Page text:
There’s two parts to the answer. The first is that you are typically not forced to use the result of an expression in expression-oriented languages, so it is perfectly valid in Scala to just call println (which doesn’t return anything useful anyway) in each arm of the conditional;

if shouldGenerate then

The second part of the answer is uniformity! To understand why, let’s look deeper. As we shall see, we can make some useful generalizations of our code if we are not forced to treat functions differently depending on if they do or do not return something.

Uniformity Link to heading

In Scala and many other functional languages, there is commonly (and somewhat paradoxically) a special value (and a corresponding data type) representing ’no useful value’ which is used (sometimes implicitly) as the return value when there’s nothing else useful to return.

So in effect, there’s no such thing in Scala as a function that does not return a value, whereas in many languages (C, C++, Java, C# and Pascal comes to mind), functions that do return values are different from functions that don’t - explicitly declared as function or procedure in Pascal, or declaring a void return value in C, C++, Java or C#.

In Scala, this ’no useful value’ is of a type called Unit, which only has a single possible value, written as (), which is used when there’s no other useful value to return.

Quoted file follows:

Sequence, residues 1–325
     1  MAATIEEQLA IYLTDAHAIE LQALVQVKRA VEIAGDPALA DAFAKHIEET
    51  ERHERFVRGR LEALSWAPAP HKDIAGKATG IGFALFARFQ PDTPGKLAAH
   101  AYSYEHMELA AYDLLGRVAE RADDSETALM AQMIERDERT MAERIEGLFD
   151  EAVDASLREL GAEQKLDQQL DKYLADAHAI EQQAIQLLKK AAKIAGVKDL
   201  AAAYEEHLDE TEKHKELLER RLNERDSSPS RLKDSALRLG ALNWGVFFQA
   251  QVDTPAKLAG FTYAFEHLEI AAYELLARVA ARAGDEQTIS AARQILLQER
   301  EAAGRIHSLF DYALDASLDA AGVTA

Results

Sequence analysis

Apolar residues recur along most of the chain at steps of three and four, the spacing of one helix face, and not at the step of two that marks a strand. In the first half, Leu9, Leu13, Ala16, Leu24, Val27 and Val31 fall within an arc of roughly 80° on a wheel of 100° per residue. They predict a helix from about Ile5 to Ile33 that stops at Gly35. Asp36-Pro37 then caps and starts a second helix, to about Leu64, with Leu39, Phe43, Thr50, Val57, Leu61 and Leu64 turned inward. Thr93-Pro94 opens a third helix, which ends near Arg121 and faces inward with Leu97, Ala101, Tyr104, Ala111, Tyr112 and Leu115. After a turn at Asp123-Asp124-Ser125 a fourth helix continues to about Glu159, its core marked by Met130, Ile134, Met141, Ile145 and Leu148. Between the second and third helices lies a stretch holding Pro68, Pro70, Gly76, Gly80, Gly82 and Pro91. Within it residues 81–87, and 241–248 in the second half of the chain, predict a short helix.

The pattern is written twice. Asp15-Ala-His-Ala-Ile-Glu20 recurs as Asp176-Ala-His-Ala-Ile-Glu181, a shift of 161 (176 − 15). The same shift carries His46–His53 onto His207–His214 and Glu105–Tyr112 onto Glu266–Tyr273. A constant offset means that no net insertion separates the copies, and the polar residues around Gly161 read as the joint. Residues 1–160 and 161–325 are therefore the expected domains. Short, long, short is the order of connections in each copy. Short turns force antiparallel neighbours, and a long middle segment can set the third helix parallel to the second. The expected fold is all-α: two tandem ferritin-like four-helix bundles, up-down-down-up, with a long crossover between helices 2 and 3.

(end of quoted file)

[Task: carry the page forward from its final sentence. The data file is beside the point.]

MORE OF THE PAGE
I’ve used Scala for years, and used Unit all the time, but can’t remember needing to explicitly write out the () more than a handful of times.

In Python, the corresponding value is None which is implicitly returned from any function if you don’t do an explicit return, which is also the case in Scala.

But that’s no different from using void, is it? Link to heading

It is in fact very different. Let’s look at an example:

Assume we have a function PerformHugeCalc that performs some calculation, producing a very large result needing a lot of memory, and instead of returning the result to you (let’s say, because it would need to be sent to you over a network), we want to write a generic function CondenseHugeCalc which you are supposed to give a “condenser” function, that “condenses” the value in some useful manner to something smaller, and then CondenseHugeCalc should return this much smaller representation as it’s result. Possibly our function could write the huge result to a file, and then just return the file name.

In C# we’d write something like this, assuming for now that the condenser returns a string (i.e. the type of the condensed value is string);

// This is C# code
string CondenseHugeCalc(
  Func<HugeResult, string> condenser,
  HugeParams hparams) 
  var huge = PerformHugeCalc(hparams);
  return condenser(huge);

// usage, assuming we have a method
// string WriteToFile(HugeResult result);
// and a chat object that can send data somewhere
chat.Send(CondenseHugeCalc(WriteToFile, hparams));

This is all fine and dandy, so far. What if we want to make CondenseHugeCalc generic over the return type of our condenser?

TRes CondenseHugeCalc<TRes>(
  Func<HugeResult, TRes> condenser,
  HugeParams hparams) 
  var huge = PerformHugeCalc(hparams);
  return condenser(huge);

// usage, assuming we have a method
// int ReportLength(HugeResult result);
chat.Send(CondenseHugeCalc(ReportLength, hparams));

“I can do this!” - C# just giggles at how easy this is. That is, until it spits out its milk when we try to pass in a void function (say, void PlaySound(HugeResult result); that plays the HugeResult as a sound without also returning a value).